Unfinished Business for Transgenders in India
Today, it is two years since the historic Supreme Court of India NALSA judgment, which acknowledged transgenders and Hijras of India as Third Gender, thus giving legal recognition to this key population. The atmosphere was celebratory, with dancing and music, as transgenders and the larger LGBT supporters, who were instrumental in making this dream come true, felt the light of hope!
When the fight for transgender rights started and the NALSA judgment was announced, the Trans people across India celebrated not just their legal existence, but the acknowledgement of their dignity! Today, I am proud to see changes and achievements in the lives of transgenders as they foray into different journeys, such as becoming the principal of a women’s college, enrolling in law enforcement services, winning elections etc. This has been possible because of this momentous judgment.
In last two years, Trans men in India also have become visible, with the Trans men movement coming out very strongly. One important accomplishment was the active participation of civil society and other stakeholders. Programmes like Pehchan reached more than 50,000 transgender in India. National AIDS Control Organization conducted its first hijra mapping and reached 75,000 high risk transgender hijra women in 18 Indian states. ‘Rights of the Transgender Bill, 2015’ was discussed openly, with support from the Astitva Trust. The issue of Tran’s employment is being led by various organizations. Humsafar Trust has closely engaged with the corporate sector to ensure equal opportunity within the mainstream society. The first Trans band has also come into the existence under the Yash Raj banner.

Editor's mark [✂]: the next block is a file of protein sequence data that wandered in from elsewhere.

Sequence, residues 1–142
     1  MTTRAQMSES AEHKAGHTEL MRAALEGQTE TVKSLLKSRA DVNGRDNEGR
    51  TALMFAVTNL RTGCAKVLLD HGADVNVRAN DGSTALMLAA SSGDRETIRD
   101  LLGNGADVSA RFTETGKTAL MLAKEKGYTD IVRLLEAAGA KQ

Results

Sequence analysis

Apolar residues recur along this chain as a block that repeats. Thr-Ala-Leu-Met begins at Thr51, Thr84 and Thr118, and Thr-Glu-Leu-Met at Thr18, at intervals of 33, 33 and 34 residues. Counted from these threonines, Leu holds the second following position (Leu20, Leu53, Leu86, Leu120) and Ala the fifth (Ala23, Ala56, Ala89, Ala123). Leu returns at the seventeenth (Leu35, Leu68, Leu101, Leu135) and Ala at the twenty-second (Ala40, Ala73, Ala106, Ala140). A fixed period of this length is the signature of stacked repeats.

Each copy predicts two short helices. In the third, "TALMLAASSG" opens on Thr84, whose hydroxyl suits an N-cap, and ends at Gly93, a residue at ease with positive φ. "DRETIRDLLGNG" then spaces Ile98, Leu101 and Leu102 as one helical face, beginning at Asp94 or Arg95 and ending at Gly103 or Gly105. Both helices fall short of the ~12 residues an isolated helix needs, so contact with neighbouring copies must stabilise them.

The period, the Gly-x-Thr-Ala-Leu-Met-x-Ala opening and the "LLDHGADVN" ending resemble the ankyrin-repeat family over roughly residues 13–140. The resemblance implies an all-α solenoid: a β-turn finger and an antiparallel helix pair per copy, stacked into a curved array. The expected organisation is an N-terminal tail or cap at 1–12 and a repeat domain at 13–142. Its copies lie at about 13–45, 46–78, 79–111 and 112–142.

The work is yet to be finished. Lamentably, the Indian government has largely failed to provide concrete legal protection, schemes and policy support in these last two years. It is crucial that positive steps such as reservation in jobs, Trans’ entrepreneurship, and social service linkages are promoted. Intensive effort should be instituted to curb ongoing violence, harassment and discrimination towards transgender people. The Government Departments should be forthcoming in addressing the needs of the community, with political will being the underlying factor. State transgender welfare boards need to be established. It is important that the community unites and in one voice advocate transgender rights, including rights to marriage, adoption, employment, stigma free life and dignity!
I, an Indian transgender individual, dream for a better tomorrow for the transgenders of India. We, as parts of the Indian transgender community, need to join hands with each other to ensure this better tomorrow. I urge the current Government of India and forthcoming government parties to emphasize transgender health and welfare. I believe and hope that I will get the respect and dignity within the society, and Good Days (Acche Din) will be here to stay for me and all my transgenders friends and families!
The author of this post, Abhina Aher, is a committed Transgender activist and serves as Programme Manager: Pehchan and Wajood at India HIV/AIDS Alliance in New Delhi.